Preserving Wildlife

Conserving Great Apes in Central Africa

Mammals

By Bethan Morgan, San Diego Zoo Institute for Conservation Research

My first encounter with the chimpanzees of the Ebo forest, Cameroon came in 2002, around the time that the scientific community was realizing that they are classified as the most endangered form of chimpanzee in Africa – the aptly-named Nigeria-Cameroon chimpanzee (Pan troglodytes ellioti). These chimpanzees, as their name suggests, only live in these two countries, and number as few as 3,500 individuals spread over many forest fragments in this densely populated biodiversity hotspot. A few days later, it became achingly clear that the chimpanzees in the Ebo forest, as elsewhere in Cameroon, were being targeted by hunters to supply the commercial trade in bushmeat; our team of Cameroonian biologists witnessed several dried, smoked carcasses among a hoard of many other primates and reptiles in the trunk of a taxi, heading to the city to be sold for food.

Over the years we have spent more and more time in the forest with the chimpanzees and hints about the fascinating lives of these animals have started to emerge. We gradually realized that the Ebo chimpanzees were constructing night nests on the ground, made from bending saplings and terrestrial herbs – a behavior that was generally believed to be restricted to gorillas. We then started glimpsing tantalizing signs that chimpanzees were stripping leaves from the branches of small shrubs, and using the flexible twigs to fish for termites in their underground termitaria, well below the leaf-covered forest floor.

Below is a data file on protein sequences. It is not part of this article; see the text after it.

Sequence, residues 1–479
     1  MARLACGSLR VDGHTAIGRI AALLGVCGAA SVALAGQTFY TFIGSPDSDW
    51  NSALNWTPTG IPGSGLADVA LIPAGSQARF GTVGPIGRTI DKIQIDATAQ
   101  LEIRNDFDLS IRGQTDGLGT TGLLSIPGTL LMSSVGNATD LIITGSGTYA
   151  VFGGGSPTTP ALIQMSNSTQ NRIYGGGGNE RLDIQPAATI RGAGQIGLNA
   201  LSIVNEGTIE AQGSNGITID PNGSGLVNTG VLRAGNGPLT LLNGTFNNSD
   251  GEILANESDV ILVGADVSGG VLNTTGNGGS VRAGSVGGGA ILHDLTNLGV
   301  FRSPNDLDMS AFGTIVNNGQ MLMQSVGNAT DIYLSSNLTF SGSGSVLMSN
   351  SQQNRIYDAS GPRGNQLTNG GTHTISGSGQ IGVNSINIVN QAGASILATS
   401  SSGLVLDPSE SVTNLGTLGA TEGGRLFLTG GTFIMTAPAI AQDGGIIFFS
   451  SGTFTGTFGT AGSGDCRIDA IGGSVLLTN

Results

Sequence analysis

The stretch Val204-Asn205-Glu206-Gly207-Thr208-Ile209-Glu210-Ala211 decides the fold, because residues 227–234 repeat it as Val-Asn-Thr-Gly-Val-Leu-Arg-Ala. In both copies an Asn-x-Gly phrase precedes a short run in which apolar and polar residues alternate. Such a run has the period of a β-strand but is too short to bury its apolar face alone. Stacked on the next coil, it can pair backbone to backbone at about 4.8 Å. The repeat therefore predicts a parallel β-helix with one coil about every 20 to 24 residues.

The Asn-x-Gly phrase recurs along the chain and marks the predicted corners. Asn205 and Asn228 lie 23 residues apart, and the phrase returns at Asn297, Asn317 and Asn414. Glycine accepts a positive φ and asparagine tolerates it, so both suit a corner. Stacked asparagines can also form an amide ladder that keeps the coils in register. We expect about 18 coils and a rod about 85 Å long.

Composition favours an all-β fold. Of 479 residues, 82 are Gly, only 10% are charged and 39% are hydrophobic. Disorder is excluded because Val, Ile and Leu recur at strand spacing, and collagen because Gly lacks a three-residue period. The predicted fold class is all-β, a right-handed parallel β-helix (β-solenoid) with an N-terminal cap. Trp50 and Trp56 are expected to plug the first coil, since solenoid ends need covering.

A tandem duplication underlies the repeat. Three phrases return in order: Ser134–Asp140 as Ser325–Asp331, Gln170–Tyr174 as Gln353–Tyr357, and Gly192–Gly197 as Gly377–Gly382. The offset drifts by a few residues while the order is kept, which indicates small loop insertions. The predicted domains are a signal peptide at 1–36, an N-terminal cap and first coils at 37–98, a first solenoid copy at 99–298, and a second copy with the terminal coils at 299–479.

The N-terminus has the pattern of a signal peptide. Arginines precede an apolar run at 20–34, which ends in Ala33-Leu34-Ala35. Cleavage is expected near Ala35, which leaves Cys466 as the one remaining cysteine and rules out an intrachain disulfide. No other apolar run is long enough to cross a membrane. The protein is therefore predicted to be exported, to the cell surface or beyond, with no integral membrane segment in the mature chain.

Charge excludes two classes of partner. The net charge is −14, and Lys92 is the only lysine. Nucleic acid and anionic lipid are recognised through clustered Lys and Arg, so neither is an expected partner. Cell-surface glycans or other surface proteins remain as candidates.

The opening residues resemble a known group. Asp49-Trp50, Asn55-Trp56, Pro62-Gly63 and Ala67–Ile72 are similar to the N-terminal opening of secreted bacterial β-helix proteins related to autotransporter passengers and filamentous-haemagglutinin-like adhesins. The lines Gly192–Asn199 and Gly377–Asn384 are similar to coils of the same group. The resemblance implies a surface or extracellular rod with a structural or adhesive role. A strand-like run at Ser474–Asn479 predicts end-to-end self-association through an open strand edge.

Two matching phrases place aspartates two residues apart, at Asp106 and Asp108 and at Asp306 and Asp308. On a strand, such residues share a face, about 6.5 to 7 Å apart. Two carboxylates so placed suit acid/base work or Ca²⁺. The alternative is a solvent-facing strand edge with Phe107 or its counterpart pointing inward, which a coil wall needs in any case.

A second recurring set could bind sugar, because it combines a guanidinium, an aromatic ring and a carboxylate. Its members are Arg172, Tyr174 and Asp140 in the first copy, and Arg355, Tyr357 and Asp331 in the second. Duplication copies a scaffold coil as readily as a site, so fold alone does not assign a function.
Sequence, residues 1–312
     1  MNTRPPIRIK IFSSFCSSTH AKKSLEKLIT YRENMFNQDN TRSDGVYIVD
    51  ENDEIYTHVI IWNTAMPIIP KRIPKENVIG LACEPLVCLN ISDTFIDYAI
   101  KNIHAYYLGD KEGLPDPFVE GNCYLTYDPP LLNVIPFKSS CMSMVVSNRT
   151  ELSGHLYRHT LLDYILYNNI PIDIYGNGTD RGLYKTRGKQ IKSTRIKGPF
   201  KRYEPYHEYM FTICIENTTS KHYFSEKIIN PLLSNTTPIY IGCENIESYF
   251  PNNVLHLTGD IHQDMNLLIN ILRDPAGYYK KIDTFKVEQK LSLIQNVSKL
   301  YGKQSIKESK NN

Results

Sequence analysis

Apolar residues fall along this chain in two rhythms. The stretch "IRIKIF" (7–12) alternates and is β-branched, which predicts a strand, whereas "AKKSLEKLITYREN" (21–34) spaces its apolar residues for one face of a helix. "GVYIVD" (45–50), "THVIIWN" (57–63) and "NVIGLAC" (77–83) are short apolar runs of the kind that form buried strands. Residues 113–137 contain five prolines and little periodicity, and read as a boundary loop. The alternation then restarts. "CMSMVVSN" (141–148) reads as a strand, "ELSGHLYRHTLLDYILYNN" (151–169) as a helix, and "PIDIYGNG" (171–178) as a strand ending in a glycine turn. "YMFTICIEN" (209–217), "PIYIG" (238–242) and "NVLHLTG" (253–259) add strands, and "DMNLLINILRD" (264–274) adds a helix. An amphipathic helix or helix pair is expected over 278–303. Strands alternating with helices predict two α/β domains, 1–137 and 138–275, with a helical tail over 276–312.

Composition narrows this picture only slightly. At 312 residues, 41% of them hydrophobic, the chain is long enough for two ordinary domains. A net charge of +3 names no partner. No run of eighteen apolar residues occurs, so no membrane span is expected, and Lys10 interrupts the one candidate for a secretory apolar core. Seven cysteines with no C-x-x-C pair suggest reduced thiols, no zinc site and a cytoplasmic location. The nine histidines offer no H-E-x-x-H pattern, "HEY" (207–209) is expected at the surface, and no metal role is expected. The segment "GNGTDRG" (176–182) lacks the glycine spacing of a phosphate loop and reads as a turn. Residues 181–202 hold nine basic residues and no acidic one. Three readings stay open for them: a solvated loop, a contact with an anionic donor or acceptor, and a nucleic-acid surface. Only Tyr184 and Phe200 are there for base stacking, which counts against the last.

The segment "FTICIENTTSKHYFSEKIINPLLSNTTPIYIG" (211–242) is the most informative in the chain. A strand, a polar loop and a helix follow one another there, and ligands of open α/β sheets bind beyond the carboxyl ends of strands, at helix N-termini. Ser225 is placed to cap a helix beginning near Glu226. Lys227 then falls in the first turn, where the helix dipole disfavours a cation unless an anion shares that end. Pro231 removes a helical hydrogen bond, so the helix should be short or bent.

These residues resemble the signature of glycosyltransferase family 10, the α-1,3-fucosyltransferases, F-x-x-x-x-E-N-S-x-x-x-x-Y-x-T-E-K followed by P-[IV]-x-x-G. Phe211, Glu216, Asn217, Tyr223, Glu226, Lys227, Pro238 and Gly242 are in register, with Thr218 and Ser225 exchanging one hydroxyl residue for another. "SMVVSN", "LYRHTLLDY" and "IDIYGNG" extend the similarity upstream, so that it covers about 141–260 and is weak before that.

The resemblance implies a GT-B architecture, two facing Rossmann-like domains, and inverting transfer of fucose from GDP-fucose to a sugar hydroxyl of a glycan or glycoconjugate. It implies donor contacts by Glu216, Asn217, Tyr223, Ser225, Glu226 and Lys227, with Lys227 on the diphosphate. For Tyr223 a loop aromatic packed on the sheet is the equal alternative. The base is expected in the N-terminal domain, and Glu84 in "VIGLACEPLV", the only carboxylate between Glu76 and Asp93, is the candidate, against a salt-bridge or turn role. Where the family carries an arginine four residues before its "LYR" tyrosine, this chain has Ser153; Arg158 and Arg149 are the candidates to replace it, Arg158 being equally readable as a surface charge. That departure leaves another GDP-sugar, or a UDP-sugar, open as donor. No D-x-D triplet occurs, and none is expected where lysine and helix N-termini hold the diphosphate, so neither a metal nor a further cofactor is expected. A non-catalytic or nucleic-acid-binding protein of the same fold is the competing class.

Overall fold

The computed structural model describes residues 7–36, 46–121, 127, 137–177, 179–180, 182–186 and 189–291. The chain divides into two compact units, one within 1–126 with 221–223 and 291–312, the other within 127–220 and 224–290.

Then in 2005, we witnessed something very special – a small group of chimpanzees selecting quartz stones or dried wooden branches, and using them as hammers to smash open very hard-shelled fruit known as “noisettes.” At that time, the Ebo apes caused quite a stir in the scientific world, because it was thought that this complex and rare behavior was restricted to chimpanzees living in the very west of Africa. Our discovery has raised fascinating questions about the emergence of such complex behaviors, with ramifications for the evolution of complex cultures in humans.  Today, we have video cameras in the forest to record some of these behaviors, and over time, we hope to build an increasingly complete understanding of the life and challenges faced by the Ebo chimpanzees.

Today, things are starting to come full circle – our efforts to provide knowledge of the complex behaviors and clear intelligence of the Ebo chimpanzees is coming to fruition within the local human communities. As the traditional chiefs and villagers around the Ebo forest are developing a pride in their intelligent chimpanzee neighbors, we are seeing the gradual growth of responsibility and desire to protect these animals. Community pressure on those who continue to hunt primates in the Ebo forest is increasing, and great apes, in particular, are now afforded a level of social protection in addition to the legal protection that the Government has promised, once the forest has been made a National Park. Our future research and conservation efforts will continue to be field-based, but with increasing efforts and assistance from the communities who reside alongside the very special Ebo chimpanzees.

 

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